Police and school work together to launch additional learning needs initiative

Police-and-school-work-together-to-launch-additional-learning-needs-initiative

A new scheme to help police deal with emergencies involving people with additional learning needs (ALN) has been launched.

Trinity Fields School, which is based in Ystrad Mynach and caters for ALN pupils, has worked closely with Gwent Police as part of ‘The Trinity Protocol’.

The scheme will allow family members and carers to register someone with ALN to Gwent Police.

If a registered ALN person contacts the police in an emergency, officers will be able to access information about them, which could help break down communication barriers.

PCSO Thomas Bingham-Vick, left, and Trinity Fields pupil Ross Sparey
PCSO Thomas Bingham-Vick, left, and Trinity Fields pupil Ross Sparey

The Trinity Protocol can also be used if an ALN person is missing, involved in a crime or is the victim of a crime. Officers will have the relevant information to adapt their approach if, for example, they might have difficulties communicating or might react negatively to lights or sirens.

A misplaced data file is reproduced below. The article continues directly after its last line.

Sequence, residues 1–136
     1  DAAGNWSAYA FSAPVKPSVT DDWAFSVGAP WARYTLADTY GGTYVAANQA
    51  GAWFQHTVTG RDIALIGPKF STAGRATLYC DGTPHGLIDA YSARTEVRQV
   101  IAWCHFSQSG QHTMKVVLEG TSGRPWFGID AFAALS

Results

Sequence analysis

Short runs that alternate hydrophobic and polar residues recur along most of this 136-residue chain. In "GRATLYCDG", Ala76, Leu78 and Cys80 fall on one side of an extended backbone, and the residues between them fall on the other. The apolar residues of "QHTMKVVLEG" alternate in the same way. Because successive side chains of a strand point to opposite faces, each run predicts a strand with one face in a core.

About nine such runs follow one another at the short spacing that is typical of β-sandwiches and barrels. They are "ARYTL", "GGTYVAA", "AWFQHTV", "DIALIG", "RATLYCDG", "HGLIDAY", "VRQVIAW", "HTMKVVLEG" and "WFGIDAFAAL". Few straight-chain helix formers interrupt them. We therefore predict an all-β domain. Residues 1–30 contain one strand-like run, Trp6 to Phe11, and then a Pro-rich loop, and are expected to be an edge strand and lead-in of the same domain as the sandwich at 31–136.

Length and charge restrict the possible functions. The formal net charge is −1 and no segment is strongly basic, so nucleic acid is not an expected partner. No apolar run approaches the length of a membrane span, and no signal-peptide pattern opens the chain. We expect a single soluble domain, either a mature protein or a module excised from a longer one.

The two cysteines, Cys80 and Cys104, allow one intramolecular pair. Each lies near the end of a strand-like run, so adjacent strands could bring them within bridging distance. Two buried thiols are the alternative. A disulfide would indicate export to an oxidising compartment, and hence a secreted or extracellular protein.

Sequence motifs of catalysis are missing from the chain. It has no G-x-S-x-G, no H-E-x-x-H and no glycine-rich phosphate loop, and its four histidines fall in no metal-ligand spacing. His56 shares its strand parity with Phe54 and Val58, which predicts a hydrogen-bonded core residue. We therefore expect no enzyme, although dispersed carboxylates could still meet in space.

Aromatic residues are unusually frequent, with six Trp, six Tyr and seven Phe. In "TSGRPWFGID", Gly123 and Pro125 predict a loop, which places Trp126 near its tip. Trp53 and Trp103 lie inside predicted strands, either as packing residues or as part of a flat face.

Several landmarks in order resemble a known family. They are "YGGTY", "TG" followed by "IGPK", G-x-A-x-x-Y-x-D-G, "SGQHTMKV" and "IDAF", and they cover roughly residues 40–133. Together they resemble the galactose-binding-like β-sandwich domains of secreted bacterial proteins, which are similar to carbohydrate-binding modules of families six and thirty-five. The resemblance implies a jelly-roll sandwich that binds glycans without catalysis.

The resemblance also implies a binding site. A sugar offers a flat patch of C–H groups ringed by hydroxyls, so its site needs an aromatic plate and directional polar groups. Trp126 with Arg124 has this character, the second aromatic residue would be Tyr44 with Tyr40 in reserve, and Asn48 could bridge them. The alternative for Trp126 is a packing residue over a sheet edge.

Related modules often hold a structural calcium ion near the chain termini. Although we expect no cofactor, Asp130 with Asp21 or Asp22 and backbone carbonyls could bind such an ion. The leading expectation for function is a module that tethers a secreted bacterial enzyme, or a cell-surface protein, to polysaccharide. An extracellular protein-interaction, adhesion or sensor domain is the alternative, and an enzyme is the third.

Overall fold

Gary Powell, a teaching assistant at Trinity Fields School who worked on the project, said: “PCSO Thomas Bingham-Vick came to me with the idea of creating the Trinity Protocol after his experience of working at our school.

“Class Teacher Sian Harris and I shared our knowledge and experiences of working at Trinity Fields School. We were able to provide some officers from Gwent Police training and were able to share our experiences of young people who have previously gone missing.”

Headteacher Ian Elliott MBE encouraged parents and carers to sign up to the scheme and said: “(I) hope that they would never need to use it, but it would be there just in case.”

Gwent Police’s deputy chief constable, Amanda Blakeman, is the national lead for disability in policing. She said: “This initiative is designed to provide our officers with vital information as quickly as possible, if they encounter any call for service involving a person with ALN.

“It is important to add that any member of our communities – parents, carers or individuals with ALN themselves – can sign up for the Trinity Protocol.

“With knowledge of additional needs becoming so important in an inclusive society, it is important that we can support everyone with the respect that they deserve within our community, especially at a time when our services are needed.”

To sign up for the Trinity Protocol, fill out the form and email it to neurodiversity@gwent.pnn.police.uk

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